Freekeh Vs Bulgur – What’s The Difference?
Whole grains and ancient grains are experiencing a revival—freekeh and bulger among them. As gluten intolerance pulls more and more attention, and yet humans are unwilling to say goodbye to their favorite sources of carbohydrates, alternatives have to be found to fill the void.
Freekeh and bulgur are both whole grains that have become increasingly popular and in demand over recent years but are still relatively new to the scene. If you’ve discovered a new recipe you’d like to try that calls for one or the other, you may be wondering what the difference is and whether or not you can substitute them for each other.
So what is the difference between freekeh and bulgur? Freekeh is harvested from young, green wheat, while bulgur is collected when the wheatgrass is fully mature. Freekeh has a green hue, and bulgur is more tan in color. Freekeh is chewier and has a slightly smokey flavor because it’s roasted. Bulgur is parboiled and has a nutty flavor.
This article will go in-depth on both grains, freekeh vs bulgur, and explain what’s the difference between them. We’ll also look at some of the benefits of each and the best ways to incorporate them into your meals.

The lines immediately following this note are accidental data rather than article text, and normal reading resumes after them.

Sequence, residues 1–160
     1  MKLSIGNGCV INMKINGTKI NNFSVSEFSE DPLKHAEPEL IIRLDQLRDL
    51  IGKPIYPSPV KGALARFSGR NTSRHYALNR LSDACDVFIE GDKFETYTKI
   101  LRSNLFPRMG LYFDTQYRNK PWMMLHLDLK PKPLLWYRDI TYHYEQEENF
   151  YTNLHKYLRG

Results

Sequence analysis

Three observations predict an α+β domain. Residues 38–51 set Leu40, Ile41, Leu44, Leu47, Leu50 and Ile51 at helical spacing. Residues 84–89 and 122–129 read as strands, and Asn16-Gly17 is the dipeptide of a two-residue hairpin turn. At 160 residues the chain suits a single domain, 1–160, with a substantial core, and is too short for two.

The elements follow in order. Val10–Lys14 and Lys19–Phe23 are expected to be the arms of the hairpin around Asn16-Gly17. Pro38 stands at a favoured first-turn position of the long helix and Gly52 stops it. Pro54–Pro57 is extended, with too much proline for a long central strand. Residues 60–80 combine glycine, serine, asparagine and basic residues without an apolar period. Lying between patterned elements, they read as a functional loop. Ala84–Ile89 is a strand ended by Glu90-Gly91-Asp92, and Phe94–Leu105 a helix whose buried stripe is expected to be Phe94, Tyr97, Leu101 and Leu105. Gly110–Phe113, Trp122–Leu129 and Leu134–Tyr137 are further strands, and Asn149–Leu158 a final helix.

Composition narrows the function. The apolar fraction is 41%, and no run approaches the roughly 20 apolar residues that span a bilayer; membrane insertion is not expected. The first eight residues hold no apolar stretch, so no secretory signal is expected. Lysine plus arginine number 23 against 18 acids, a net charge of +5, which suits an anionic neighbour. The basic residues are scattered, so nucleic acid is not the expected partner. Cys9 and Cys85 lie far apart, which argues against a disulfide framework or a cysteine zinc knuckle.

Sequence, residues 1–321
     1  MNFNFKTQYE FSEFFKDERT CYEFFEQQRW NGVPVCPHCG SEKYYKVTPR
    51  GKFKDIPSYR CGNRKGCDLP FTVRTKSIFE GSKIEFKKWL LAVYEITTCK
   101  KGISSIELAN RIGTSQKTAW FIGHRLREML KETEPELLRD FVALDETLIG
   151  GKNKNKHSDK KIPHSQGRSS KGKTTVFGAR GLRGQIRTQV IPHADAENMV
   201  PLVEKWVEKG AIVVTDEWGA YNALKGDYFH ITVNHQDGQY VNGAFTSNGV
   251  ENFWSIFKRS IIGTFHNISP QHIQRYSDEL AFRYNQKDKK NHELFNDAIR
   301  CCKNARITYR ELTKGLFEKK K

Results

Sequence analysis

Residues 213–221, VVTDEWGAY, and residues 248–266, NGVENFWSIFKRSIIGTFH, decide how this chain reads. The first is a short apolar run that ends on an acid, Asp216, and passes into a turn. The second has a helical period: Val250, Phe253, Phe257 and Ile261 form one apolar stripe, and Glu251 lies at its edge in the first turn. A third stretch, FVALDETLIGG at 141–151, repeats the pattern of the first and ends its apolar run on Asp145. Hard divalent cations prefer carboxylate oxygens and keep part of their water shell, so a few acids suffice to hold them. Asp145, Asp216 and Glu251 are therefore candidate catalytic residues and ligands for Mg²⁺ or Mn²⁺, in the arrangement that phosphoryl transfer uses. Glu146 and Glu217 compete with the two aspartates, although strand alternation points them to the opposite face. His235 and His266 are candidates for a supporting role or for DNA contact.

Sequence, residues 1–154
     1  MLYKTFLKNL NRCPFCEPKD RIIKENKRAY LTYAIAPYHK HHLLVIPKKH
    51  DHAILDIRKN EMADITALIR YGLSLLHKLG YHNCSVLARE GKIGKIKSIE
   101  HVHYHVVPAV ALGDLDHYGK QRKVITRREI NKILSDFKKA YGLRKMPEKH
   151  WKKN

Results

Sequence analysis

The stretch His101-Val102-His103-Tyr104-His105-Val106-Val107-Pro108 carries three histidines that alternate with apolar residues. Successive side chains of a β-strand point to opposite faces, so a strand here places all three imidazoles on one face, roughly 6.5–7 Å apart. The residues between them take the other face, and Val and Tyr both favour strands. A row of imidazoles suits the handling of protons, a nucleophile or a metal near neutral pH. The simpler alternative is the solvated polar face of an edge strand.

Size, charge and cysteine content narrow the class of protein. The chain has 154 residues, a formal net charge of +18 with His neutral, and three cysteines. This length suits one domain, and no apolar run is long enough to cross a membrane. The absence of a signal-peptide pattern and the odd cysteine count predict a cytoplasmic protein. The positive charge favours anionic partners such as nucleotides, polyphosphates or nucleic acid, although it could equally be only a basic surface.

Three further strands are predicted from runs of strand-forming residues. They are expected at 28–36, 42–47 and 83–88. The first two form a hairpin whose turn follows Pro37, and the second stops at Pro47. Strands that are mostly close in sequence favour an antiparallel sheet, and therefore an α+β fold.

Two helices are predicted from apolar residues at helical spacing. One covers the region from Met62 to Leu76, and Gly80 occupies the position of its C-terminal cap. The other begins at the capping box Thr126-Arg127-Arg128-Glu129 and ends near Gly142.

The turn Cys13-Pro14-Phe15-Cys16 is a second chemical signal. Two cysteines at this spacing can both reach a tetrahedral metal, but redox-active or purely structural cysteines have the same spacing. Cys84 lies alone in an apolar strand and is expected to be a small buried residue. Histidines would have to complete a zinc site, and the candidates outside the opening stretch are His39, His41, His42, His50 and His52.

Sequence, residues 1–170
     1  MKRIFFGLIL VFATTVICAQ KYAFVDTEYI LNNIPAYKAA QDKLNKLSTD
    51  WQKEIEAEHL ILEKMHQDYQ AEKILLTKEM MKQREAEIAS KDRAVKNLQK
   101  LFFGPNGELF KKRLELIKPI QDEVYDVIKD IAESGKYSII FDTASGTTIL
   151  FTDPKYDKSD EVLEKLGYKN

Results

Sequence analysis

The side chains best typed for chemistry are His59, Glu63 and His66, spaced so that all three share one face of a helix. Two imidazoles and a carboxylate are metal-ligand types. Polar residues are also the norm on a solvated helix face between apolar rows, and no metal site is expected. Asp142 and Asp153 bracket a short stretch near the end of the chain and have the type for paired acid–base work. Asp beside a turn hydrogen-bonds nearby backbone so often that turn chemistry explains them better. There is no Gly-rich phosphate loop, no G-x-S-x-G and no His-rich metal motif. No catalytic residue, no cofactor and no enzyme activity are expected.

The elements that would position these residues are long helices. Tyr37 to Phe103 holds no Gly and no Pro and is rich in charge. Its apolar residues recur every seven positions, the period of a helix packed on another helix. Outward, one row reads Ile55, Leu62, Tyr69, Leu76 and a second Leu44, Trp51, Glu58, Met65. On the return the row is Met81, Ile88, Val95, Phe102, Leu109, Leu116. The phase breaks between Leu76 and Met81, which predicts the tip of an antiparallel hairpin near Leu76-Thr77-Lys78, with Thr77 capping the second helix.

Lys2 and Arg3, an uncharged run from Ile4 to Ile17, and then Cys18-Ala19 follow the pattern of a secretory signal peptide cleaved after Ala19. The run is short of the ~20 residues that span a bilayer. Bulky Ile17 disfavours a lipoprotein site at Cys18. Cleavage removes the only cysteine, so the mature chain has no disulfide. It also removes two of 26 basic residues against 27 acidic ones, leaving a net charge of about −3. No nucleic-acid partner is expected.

The Difference Between Freekeh and Bulgur
Freekeh and bulgur are both wheat-based grains, as mentioned, but there are two major differences between them: the age when harvested and the processing before being eaten.
Most whole grains are cracked, making them easier to digest. However, before being ground, bulgur is parboiled or steamed whereas freekeh is roasted.
They are similar in their somewhat nutty flavor, but freekeh has a chewier texture and a hint of smokiness.
Freekeh is a very popular grain in the Middle East, its name coming from the Arabic word meaning “to rub,” a reference to the process of rubbing away the burnt husk from the green grain.
Quinoa has been stealing the spotlight for a few years now, but freekeh is actually just as easy to cook, more nutritionally dense and, many would argue, more pleasing to eat on both a flavor and texture-based scale.
Freekeh is smoked when it’s very young and immature, allowing it to keep more of its nutrition that the average cultivated grain.
1 cup of freekeh has the following basic and approximate nutritional profile:
- 200 calories
- 7.5 grams from protein
- 0.6 grams from fat
- 45 grams from carbohydrates, of which
- 11 grams are fiber
It’s quite low on the glycemic index, making it a diabetic-friendly food and a great choice for anyone trying to stabilize their hunger and eating patterns.
Interestingly, freekeh also helps to feed the healthy bacteria in your gut, much like a prebiotic does. It’s also a good supply of nutrients like iron, zinc, manganese, and calcium.
It also has certain antioxidants that help keep your eyes healthy as you age, so that’s a definite long-term perk.
Best Ways to Eat Freekeh